C. S. Lewis and the Myth of Love: Four Facts and Two Questions

On October 11th at Houston Baptist University, I’ll begin a series of lectures called C. S. Lewis and the Myth of Love: (Un)veiling the Mysteries of Till We Have Faces. Anyone who has stood close to me for the last decade knows that Lewis’s last novel, “A Myth Retold,” has been the subject of my exclusive interest for many years.

During that decade, my understanding of that fascinating work has continued to grow, and the time has come to start sharing some of the results of years of thought and study.

As I prepare, several key facts about that book stand out. I’ve also received a number of questions about the book and the lecture series, which I want to address–so here goes:

  1. Far and away my best book“: Twice in his letters, both times in 1960, Lewis calls his last novel his best. To one correspondent he writes, “You gave me great pleasure by what you said about Till We Have Faces, for that book, which I consider far and away the best I have written, has been my one big failure both with the critics and with the public.” Earlier that year Lewis expressed the same sentiment, commenting to another reader, “What pleased me enormously in your letter was the bit about Till We Have Faces, for I think it far and away my best book but it has, with the critics and the public, been my one great failure: an absolute ‘flop’. No one seems to have the slightest idea what I’m getting at in it.” During these lectures, I will begin to explain why Lewis was right–it is “far and away” Lewis’s best.
  2. More than “the slightest idea“: During the years I have been studying, teaching, and writing about Till We Have Faces, I’ve had the opportunity to speak with the most prominent figures associated with C. S. Lewis about my work. Conversations and arguments with and insights from such leading lights as Walter Hooper, Douglas Gresham, Michael Ward, Diana Pavlac Glyer, Jerry Root, Don W. King, Chris Mitchell, Bruce Edwards, Joseph Pearce, Tom Howard, James T. Como, and many others have strengthened my arguments and deepened my understanding. I know what Lewis “was getting at in” Till We Have Faces.   
  3. No longer “an absolute flop“: Over the years, this last novel has grown in its popularity and its deep meaningfulness with readers, even while most of its mysteries remain hidden. Anecdotally, I’ve spoken with hundreds of people for whom also this is Lewis’s best book. It “strikes, and strikes deep,” as Lewis said of the Orpheus myth in Experiment in Criticism. This novel haunts even as it continues to baffle readers, who return to it again and again.
  4. Following Lewis’s example:  For years, people have asked about the status of my Ph.D. dissertation and book about Lewis’s last novel. These lectures will form the core of that effort. Taking a page from Abolition of Man, the Oxford History of English Literature in the Sixteenth Century (Excluding Drama), Spenser’s Images of LifeThe Discarded Image, many sermons and talks including “The Weight of Glory” and, most famously, Mere Christianity, my long-awaited study of Till We Have Faces will spring directly from these talks. We’ll record and transcribe them, and the results will form the first draft of my book-length study of Lewis’s greatest masterpiece.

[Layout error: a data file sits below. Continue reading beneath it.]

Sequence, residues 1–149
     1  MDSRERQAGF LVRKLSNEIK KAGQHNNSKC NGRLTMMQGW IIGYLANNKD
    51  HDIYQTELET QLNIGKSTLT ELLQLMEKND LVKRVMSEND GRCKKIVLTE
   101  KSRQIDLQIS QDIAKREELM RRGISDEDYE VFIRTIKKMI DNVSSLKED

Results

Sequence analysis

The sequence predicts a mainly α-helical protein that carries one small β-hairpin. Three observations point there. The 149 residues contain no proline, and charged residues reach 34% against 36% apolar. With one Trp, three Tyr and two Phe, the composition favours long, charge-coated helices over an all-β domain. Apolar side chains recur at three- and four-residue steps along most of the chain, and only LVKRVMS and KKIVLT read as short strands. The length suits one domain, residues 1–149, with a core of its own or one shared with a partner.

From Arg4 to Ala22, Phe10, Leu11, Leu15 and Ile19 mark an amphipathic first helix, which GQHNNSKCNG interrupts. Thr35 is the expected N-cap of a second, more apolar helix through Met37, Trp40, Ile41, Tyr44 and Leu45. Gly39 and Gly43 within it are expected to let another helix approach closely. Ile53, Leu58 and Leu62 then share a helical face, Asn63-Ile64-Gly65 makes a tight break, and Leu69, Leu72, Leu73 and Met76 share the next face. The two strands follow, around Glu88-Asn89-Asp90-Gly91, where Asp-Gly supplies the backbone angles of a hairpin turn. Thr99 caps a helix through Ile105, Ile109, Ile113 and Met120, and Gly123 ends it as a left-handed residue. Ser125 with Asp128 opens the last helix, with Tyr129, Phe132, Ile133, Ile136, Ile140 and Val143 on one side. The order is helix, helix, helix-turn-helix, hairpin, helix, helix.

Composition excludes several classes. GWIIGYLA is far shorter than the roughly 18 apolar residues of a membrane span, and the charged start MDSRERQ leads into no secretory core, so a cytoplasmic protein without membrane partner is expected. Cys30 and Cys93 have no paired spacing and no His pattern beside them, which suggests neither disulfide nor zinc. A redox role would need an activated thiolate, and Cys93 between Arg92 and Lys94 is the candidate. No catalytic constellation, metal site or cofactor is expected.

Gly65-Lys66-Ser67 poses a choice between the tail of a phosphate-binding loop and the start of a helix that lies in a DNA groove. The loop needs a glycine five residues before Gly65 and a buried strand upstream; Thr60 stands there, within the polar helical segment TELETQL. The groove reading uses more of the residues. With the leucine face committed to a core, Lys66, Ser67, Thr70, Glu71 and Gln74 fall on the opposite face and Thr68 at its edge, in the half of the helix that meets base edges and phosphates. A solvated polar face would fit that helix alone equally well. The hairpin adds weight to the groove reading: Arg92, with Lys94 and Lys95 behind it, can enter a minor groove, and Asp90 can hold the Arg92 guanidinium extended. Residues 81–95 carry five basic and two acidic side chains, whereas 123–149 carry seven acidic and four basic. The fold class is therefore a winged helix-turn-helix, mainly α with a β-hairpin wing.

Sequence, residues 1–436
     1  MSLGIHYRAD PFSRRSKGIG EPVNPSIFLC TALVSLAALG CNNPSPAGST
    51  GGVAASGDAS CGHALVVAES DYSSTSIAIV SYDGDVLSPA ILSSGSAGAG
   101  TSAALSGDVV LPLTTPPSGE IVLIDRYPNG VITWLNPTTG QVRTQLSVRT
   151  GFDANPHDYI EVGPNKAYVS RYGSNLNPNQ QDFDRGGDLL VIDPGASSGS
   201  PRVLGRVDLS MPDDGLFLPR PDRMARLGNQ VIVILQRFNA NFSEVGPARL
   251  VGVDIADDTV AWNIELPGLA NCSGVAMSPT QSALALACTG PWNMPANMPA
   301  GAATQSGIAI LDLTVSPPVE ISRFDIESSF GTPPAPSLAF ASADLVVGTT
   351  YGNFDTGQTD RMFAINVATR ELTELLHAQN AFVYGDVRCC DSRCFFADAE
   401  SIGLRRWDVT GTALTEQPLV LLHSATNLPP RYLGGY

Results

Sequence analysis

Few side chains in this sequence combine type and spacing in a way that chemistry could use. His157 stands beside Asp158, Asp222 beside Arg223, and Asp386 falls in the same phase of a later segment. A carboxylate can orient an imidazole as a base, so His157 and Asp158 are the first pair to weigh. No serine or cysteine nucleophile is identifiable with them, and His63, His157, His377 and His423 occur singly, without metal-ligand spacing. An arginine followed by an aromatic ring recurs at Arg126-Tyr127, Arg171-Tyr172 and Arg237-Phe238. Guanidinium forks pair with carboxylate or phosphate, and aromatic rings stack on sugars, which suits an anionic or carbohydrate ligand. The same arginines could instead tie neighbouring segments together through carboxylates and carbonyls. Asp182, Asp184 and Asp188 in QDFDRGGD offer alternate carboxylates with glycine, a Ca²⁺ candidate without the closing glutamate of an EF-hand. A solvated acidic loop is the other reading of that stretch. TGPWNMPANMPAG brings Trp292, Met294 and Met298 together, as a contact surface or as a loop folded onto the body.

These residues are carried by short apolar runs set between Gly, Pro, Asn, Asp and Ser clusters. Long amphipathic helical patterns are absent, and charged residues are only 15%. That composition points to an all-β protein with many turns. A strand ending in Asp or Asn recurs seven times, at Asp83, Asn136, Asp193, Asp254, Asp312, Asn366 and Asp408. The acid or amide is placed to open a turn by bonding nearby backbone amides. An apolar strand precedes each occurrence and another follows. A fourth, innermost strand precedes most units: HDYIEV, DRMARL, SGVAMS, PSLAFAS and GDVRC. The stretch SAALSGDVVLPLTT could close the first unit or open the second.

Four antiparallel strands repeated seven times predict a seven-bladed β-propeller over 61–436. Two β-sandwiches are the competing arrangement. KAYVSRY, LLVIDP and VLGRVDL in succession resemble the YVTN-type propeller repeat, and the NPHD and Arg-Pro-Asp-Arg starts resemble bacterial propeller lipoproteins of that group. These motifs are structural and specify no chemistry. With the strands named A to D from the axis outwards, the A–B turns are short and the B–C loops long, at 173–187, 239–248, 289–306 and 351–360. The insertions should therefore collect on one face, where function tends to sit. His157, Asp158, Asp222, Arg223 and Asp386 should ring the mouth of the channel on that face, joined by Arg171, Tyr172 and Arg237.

As we promote C. S. Lewis and the Myth of Love, two questions keep coming up, and it seemed best to address them here:

  1. Will these talks be recorded? In short, yes. Through the gracious support of HBU’s School of Christian Thought, the Myth of Love talks will be filmed and recorded for a possible DVD release in the future. But for now, the best way to learn about this towering book will come from hearing the talks in person.
  2. Can you come to my town? I’d love to. HBU will host four of the talks over the course of the 2017-18 school year; these four lectures contain the core of four chapters in the book-length study. But I have ten other talks in the series and am in discussions about venues around the country to present more material. Discussions about talks in Nashville, TN are well underway. I would love to come to your town. How? Talk with local churches and colleges near you and contact me at andrew@andrewlazo.com to discuss more details. You can book tickets to the Houston events directly by following this link.Andrew Lazo presents a new lecture series on C.S. Lewis and Till We Have Faces


  • Dates: October 11 & November 15, 2017, and February 7 & March 21 (with a planned special guest), 2018
  • Time: All lectures will be from 7:00-9:00 PM
  • Location: Belin Chapel, Houston Baptist University
  • Pricing: $7 / lecture with advanced registration ($10 at the door*). Bundle & Save: Register for all 4 lectures now for $20 ($25 at the door* on October 11). Group Pricing: Bring your friends & save when reserving at least 3 seats in advance ($5 per person per lecture)
  • Presented by HBU’s School of Christian Thought at HBU and Houston Christian High School

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